By Pauline Benetti
Special to The PREVIEW
Know something about Unitarian Universalism (UUism). First, understand that ours is a “living tradition.” It is concerned with the “here and the now” and how that can be made better for all people.
While it looks back to the example of our spiritual ancestors, it is also looks forward to the prophets of our time and reveres the lives and actions of men and women who have the strength and wisdom to do the right thing now.
This practice UUism has codified into the second source from which we draw strength and support: words and deeds of prophetic women and men which challenge us to confront powers and structures of evil with justice, compassion and the transforming power of love.
Our speaker this Sunday, Stephen Clarke, a guest of the Pagosa Unitarian Universalist Fellowship, will speak to his research report, “Bob Dylan and an Initiatory Tradition in Popular Culture.” Is there anyone who knows Dylan’s life and songs who has not recognized the words and deeds of a prophetic man?
Clarke will examine several converging influences crucial to Dylan’s remarkable continuing influence on American culture. These are the poetic Muse as considered by Robert Graves, the backstory of Harry Smith’s remarkable Anthology of American Folk Music, Dylan’s lifelong fascination with the fractal visage of the Goddess both sacred and profane, and a deep intuition of the tikkun olam (the discipline leading to the restoration of the world) within both Hebrew Kabbalism and esoteric Christianity.
Through all of these can be detected resurgent remnants of a lost ancestral tradition and a spiritual heritage the equal of any other, as grounded through a remarkable public life of speaking truth to power. Dylan’s own considered words, collected from various sources, will punctuate many novel considerations of deep concern to our own folk soul. All musicians are welcome. Comments and requests for transcripts can be sent to Clarke at firstname.lastname@example.org.
Clarke, since 1948, has been a walkabout hitchhiker, single father, associate founder of several Rudolf Steiner Waldorf schools, a research scientist with a degree in chemistry and physics, an anti-war activist, a BMW and Mercedes-Benz mechanic and shop owner in New Mexico for 30 years, a consecrated priest in his lineage, and is a staff-holder with Pueblo and Navajo Medicine Men co-celebrant in traditional healing ceremonies throughout their homelands. An early physical setback impelled him to “reversal of attention” and a lifelong practice of meditation and transformational path-working according to his various ancestral influences.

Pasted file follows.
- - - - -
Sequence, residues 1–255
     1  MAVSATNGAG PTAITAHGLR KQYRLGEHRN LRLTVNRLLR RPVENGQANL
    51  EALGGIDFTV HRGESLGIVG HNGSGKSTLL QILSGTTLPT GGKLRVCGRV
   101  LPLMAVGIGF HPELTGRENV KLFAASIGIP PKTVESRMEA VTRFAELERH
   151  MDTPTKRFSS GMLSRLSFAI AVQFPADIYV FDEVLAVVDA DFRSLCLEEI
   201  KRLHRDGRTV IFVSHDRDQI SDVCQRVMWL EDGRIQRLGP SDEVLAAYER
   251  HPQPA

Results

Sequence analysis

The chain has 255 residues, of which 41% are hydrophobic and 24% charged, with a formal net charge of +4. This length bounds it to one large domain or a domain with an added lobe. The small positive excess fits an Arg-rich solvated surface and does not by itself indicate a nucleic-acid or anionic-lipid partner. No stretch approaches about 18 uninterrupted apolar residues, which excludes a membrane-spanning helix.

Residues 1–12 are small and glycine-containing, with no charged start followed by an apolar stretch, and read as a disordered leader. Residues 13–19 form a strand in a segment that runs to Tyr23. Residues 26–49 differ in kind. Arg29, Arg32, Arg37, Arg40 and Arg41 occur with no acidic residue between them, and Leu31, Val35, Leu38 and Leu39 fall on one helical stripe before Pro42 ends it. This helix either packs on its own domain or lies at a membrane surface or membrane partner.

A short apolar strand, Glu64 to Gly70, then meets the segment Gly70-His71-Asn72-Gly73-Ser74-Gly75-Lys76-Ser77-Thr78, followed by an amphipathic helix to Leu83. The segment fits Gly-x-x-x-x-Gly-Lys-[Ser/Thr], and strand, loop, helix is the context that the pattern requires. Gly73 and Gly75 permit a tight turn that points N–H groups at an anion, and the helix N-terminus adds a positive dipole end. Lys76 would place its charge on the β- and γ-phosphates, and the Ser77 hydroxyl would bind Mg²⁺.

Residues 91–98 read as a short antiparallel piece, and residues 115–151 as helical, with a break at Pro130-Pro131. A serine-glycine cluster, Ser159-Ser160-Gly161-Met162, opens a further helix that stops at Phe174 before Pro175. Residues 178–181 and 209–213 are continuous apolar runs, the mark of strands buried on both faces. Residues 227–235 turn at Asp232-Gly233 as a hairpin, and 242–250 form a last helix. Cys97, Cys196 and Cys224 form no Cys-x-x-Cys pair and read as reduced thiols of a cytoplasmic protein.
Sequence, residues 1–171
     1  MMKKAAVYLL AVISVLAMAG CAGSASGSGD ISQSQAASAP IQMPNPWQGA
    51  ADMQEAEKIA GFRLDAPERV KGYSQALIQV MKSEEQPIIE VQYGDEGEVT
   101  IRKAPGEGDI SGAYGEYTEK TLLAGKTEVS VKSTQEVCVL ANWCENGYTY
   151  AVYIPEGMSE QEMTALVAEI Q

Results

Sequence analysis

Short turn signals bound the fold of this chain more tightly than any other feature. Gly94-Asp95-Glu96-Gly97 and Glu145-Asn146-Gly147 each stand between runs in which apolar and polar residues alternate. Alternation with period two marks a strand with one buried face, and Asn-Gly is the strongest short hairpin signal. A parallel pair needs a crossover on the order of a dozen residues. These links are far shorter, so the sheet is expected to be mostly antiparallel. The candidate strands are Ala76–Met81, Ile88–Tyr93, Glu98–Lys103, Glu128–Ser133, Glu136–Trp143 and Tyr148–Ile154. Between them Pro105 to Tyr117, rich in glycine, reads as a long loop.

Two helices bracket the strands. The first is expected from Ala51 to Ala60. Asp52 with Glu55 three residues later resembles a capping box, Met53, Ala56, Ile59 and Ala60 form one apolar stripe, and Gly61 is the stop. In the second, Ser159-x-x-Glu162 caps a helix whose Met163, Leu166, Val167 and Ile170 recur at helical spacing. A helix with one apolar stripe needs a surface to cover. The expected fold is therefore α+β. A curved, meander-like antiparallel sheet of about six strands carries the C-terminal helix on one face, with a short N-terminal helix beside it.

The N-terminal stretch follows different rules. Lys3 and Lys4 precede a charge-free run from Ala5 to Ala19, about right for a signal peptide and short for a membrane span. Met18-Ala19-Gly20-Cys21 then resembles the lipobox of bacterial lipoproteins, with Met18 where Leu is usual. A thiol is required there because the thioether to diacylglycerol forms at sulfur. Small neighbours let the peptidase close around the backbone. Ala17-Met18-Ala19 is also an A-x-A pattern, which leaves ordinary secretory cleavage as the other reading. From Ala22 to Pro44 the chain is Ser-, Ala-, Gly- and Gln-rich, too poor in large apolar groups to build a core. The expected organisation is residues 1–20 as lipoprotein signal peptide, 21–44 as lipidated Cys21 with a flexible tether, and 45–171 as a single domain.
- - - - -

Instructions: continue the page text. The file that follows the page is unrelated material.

He and his wife, Juli, now live in Pagosa Springs, where he spends as much time as possible outside, in a life of continuing education and acculturation to the spiritual identity of the land. Now occupied as a writer investigating the spiritual backstory of the American landscape (e.g., the Saturn Mysteries in Mesoamerica at the time of Christ), he likes to read tales of the old Chinese Zen masters, work out in the gym, soak in the springs, immerse himself in the cantatas of J. S. Bach and construct large-scale models of WWII naval vessels. The musical journey of Dylan has been a strong counterpoint throughout.
Ours is a welcoming congregation; we invite everyone to share in our faith community. Leadership is by Pastor Dean Cerny on the third and fourth Sundays or by a lay leader on other Sundays.
The Religious Exploration program for 2- to 9-year-olds continues in March on March 17 and 24. For more information, contact Anna Ramirez at email@example.com.
Find us in Unit B-15 of the Greenbriar Plaza. From North Pagosa Boulevard, turn right onto Park Avenue and right again into Greenbriar Plaza, then turn left and continue around the complex until you see the Unitarian Universalist sign as it faces the mountains. Come in and join us. For further information about the Fellowship, visit pagosauu.org or call 731-7900.
By Pauline Benetti